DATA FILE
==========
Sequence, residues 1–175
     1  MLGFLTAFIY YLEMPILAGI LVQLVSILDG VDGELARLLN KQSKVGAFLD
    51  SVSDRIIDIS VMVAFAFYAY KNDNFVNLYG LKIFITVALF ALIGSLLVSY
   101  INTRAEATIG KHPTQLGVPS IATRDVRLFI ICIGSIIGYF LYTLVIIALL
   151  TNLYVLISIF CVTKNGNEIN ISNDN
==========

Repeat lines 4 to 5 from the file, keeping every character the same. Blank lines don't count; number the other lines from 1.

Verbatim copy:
   101  INTRAEATIG KHPTQLGVPS IATRDVRLFI ICIGSIIGYF LYTLVIIALL
   151  TNLYVLISIF CVTKNGNEIN ISNDN